Expanding recycling will require a local approach

Mike Verespej

Published: September 27, 2012 6:00 am ET

Related to this story

Topics Public Policy, Sustainability, Packaging, Recycling

AUSTIN, TEXAS (Sept. 27, 11:50 a.m. ET) — Future increases in recycling materials will come from local and state initiatives, possibly in the form of extended producer responsibility (EPR) initiatives — and not from nationwide endeavors.

And for recycling to grow by leaps and bounds, the different groups involved in recycling will need to cooperate more and look at recycling in a different light.

“The next 15 percentage point increase in recycling will come less from national initiatives, and more from local and state endeavors,” said Matt McKenna, president and CEO of Keep America Beautiful. “Policy at the federal level has receded as a driver of recycling. But there will be increasing pressure at the state and local level for EPR for specific products.”

“Voluntary or mandated EPR will be on the agenda in several states for years to come because global demand for products won’t change and the participation rates for recycling are not what they should be,” McKenna said at the recent Resource Recycling conference in Austin.

McKenna said KAB will kick off its second national public service campaign to build awareness of the need to recycle in the second or third quarter of 2013.

To increase the amount of people that recycle materials and to increase the amount of materials recycled, it is also critical that all groups interested in advancing recycling cooperate.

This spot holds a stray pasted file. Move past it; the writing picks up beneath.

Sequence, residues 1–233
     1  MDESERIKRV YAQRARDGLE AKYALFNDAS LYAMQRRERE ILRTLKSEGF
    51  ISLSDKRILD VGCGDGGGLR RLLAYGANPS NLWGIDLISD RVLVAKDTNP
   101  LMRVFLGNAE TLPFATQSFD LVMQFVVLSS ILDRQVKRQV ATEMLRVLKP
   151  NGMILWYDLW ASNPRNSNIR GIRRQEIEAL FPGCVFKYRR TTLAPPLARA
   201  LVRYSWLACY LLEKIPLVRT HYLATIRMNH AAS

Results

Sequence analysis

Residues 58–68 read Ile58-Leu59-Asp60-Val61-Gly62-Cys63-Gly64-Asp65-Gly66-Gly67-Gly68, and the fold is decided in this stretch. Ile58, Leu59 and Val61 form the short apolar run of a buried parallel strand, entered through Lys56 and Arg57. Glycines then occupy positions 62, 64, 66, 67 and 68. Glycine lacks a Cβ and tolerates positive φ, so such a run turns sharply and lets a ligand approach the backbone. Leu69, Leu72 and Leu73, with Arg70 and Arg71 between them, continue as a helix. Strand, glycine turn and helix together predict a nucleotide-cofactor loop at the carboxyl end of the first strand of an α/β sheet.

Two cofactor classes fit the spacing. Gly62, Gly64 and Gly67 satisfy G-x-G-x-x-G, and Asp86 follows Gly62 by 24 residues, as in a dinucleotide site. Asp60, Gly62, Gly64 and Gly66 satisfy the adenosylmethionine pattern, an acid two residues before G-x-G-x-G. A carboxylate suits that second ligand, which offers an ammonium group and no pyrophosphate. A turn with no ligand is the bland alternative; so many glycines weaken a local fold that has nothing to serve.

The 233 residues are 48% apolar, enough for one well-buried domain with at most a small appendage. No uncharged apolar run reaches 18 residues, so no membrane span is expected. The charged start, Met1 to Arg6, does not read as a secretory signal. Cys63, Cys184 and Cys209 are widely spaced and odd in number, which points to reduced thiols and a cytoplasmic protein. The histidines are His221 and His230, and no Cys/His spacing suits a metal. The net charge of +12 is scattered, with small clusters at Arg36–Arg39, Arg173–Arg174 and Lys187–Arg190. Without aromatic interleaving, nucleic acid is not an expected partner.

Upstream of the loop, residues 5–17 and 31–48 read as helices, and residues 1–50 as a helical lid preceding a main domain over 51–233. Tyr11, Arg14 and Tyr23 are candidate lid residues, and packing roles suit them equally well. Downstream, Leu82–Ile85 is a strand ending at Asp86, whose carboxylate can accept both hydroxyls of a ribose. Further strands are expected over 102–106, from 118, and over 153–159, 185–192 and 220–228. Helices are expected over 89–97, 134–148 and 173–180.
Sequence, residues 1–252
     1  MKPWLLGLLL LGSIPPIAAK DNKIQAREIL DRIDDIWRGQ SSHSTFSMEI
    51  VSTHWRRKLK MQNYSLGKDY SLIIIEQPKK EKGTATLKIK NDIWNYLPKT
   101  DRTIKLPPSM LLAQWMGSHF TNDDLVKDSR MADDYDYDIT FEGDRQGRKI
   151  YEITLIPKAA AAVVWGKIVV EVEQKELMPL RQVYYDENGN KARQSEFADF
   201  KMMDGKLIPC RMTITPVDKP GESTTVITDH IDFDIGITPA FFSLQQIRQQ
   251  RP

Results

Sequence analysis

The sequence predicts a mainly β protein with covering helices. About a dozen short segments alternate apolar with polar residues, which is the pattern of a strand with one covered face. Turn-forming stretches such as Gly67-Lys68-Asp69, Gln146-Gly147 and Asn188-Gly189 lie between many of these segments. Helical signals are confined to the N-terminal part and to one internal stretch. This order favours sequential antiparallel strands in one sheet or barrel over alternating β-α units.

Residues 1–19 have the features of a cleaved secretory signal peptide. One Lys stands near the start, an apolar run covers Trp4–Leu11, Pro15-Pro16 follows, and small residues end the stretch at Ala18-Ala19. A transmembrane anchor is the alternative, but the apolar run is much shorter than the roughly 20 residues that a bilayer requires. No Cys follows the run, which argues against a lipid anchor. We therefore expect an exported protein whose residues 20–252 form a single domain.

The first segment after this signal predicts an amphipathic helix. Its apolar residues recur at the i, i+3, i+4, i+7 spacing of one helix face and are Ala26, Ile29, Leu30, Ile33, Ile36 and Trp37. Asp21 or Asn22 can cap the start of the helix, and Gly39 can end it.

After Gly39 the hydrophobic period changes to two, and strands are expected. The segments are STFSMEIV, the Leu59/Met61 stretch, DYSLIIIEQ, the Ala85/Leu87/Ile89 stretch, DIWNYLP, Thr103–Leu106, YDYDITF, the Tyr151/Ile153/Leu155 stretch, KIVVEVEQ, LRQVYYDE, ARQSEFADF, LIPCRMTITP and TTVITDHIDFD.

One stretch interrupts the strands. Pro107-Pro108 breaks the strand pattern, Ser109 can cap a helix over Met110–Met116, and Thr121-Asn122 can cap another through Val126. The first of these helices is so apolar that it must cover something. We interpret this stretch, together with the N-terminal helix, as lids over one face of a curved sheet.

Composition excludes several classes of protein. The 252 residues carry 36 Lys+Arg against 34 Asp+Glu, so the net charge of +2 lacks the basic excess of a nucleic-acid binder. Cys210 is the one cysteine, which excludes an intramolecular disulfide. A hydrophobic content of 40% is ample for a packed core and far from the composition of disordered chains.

“There are a lot of groups that have the common goal of reducing waste and increasing recycling rates,” McKenna said. “We must learn not only to talk to each other, but to talk to people with different viewpoints. We have to build that bridge to increase the recycling rate in America today.”

Mark Lichtenstein, president of the National Recycling Coalition, agreed.

“We are all trying to figure out a different way to do environmental sustainability in this country,” Lichtenstein said. “We have to look at unique financial mechanisms, public-private partnerships and how non-government organizations play a role in this.”

In addition, he said, industry, government, associations and NGOs “have to learn what we need to do differently to educate people.”